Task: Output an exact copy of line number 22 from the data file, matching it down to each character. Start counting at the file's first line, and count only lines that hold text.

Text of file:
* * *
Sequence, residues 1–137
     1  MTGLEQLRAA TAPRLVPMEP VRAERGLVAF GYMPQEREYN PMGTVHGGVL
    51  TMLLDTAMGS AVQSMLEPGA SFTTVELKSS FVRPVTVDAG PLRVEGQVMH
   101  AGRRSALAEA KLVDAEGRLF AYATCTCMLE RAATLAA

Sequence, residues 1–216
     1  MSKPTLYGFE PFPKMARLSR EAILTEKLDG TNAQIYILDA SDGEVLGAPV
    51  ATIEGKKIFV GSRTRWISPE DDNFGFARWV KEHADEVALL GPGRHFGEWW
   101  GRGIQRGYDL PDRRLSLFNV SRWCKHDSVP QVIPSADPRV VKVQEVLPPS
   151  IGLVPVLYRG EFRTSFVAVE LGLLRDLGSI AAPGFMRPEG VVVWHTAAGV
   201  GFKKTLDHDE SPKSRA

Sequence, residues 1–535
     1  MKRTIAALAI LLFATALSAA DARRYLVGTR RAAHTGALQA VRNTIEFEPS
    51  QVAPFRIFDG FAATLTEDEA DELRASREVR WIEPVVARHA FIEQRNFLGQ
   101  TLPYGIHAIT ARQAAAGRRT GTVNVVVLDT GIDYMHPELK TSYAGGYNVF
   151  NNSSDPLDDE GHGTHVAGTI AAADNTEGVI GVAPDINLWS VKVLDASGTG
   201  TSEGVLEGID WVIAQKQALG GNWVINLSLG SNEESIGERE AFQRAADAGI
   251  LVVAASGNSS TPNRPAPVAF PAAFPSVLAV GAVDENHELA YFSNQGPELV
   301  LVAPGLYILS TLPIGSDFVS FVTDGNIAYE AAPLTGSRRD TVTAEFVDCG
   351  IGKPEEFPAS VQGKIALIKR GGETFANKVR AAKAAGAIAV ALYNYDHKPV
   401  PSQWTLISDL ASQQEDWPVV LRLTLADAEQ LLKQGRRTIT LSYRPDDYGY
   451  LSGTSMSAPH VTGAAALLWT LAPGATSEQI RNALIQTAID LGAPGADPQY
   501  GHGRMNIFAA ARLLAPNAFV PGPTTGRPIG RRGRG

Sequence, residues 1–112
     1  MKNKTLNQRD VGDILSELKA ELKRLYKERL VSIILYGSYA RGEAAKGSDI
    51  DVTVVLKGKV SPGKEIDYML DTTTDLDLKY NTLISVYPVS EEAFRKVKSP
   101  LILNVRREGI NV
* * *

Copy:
   501  GHGRMNIFAA ARLLAPNAFV PGPTTGRPIG RRGRG